Dressed in a casual purple sweater and smiling at the cameras, Meng appeared in court to set a date for the next hearing in her extradition proceedings. She is wanted by the United States on charges of bank fraud, wire fraud, and conspiracy to commit bank and wire fraud.
Her court appearance is the first since China accused detained Canadians Michael Kovrig and Michael Spavor of stealing trade secrets, and days after Canada announced it would allow Meng’s extradition hearings to proceed.
Associate Chief Justice Heather Holmes set the next hearing for May 8, which is when the court will hear an outline of how the extradition proceedings will move forward. This will give time for both sides to discuss applications they want to make in court.
Wanted by the United States
The high-profile Huawei executive was arrested by Canadian authorities at an airport in Vancouver in December 2018 on behalf of the United States, which seeks to prosecute her on charges related to fraud.
In a 13-count indictment, the U.S. Department of Justice accuses Meng, Huawei, and several of the company’s subsidiaries of violating sanctions against Iran. They say that Huawei—with Meng personally involved—misled U.S. banks about the relationship between Huawei and Hong-Kong based Skycom Tech, which did business with Iran. Prosecutors allege that Skycom is a hidden subsidiary of Huawei, while Huawei maintains they are two independent companies.
By hiding Skycom’s connection to Huawei, Meng is accused of personally misleading U.S. banks into clearing cash connected with transactions between the two companies.
Meng and her legal team say she’s done nothing wrong. On March 1, she launched a lawsuit against the Canadian government, its border agency, and the Royal Canadian Mounted Police over her detention at the airport, alleging a violation of her constitutional rights.
Meng will remain on bail, subject to her existing conditions while court proceedings are underway.
In a separate 10-count indictment, U.S. prosecutors accuse Huawei of stealing trade secrets, committing wire fraud, laundering money, and obstructing justice. In the indictment, prosecutors allege that Huawei managers encouraged stealing competitors’ technology, including the designs of a T-Mobile robot named “Tappy.”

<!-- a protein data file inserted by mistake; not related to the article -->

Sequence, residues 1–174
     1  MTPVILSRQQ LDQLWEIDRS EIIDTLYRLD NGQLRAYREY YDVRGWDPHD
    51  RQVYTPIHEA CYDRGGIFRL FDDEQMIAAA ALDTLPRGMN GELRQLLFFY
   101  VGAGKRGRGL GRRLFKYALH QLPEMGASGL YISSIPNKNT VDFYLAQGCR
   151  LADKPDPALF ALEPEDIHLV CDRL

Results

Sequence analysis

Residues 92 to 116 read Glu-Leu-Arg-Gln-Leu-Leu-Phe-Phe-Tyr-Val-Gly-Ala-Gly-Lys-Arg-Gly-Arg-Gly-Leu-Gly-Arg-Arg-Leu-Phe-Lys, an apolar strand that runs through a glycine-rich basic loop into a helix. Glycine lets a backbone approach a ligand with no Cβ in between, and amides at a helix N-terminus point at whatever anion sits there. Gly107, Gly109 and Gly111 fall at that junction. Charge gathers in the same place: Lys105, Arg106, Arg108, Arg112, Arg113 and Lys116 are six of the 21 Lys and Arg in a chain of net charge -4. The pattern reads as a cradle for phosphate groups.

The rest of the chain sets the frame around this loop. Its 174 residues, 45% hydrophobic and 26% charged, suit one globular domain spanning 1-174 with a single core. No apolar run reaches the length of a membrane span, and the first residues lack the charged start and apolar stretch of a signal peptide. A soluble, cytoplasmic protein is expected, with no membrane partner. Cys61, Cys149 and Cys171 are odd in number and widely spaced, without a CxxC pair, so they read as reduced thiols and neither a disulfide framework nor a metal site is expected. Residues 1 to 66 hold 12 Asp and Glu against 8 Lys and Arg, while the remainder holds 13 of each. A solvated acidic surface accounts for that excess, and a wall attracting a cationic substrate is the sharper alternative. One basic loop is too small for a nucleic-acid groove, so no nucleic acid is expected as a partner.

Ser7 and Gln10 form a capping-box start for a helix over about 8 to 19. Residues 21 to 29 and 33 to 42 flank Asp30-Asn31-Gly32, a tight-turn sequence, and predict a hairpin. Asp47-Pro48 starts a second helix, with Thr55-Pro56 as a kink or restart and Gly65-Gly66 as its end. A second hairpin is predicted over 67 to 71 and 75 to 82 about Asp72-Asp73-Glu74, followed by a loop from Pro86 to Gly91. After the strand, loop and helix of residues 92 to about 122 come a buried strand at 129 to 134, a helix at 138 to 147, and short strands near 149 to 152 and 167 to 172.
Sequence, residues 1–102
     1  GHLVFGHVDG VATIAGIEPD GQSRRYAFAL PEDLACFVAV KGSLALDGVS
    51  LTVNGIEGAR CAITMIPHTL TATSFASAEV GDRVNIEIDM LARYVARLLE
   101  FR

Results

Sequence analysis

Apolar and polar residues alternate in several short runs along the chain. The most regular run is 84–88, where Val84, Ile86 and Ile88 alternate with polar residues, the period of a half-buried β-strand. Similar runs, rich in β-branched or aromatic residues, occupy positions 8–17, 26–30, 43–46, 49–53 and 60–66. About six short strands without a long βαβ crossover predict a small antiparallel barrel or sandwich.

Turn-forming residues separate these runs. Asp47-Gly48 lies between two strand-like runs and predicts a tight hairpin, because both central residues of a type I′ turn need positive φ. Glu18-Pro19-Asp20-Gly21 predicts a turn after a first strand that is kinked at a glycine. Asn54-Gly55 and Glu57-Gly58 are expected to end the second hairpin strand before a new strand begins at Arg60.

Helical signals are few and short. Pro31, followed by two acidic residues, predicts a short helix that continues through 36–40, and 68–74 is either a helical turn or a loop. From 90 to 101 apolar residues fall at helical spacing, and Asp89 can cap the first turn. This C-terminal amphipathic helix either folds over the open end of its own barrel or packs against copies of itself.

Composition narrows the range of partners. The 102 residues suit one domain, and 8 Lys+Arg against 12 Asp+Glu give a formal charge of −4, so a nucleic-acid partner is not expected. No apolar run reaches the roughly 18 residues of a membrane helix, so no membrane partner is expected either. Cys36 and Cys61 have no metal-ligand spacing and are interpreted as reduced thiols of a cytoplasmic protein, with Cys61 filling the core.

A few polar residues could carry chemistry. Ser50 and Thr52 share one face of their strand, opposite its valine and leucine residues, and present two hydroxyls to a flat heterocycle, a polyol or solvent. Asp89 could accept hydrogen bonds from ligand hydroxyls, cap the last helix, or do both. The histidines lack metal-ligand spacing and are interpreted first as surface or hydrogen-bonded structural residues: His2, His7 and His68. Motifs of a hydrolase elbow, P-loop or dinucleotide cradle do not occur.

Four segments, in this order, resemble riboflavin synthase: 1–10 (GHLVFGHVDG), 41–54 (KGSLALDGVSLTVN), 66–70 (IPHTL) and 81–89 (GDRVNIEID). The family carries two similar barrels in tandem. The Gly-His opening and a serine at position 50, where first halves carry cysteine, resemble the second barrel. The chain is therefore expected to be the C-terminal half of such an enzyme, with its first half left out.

Rising Diplomatic Tensions
Meng’s arrest by Canadian authorities has given rise to increasing diplomatic tensions between Canada and China.
China has repeatedly demanded that Meng be released. Beijing is widely believed to have retaliated against Canada in a variety of ways in hopes of pressuring Ottawa over Meng’s case.
Chinese officials detained Canadians Kovrig and Spavor shortly after Meng’s arrest. The day after Canada approved her extradition hearing, Beijing publicly accused the two Canadians of conspiring together to steal state secrets.
Canada has formally demanded that China release Kovrig, a former Canadian diplomat who now works for the International Crisis Group, and Spavor, a businessman with extensive ties to North Korea.
In another case, the 15-year prison sentence of Canadian Robert Schellenberg for drug charges was converted to a death sentence, in a move that is widely seen as Beijing upping the stakes in its dispute with Canada.
Most recently, China has blocked canola shipments from Winnipeg-based Richardson International. China, the world’s top importer of canola, says it pulled the company’s shipping registration over insect infestation concerns, though many see the measure as retaliation against Ottawa over Meng’s arrest, the Canadian Press reported.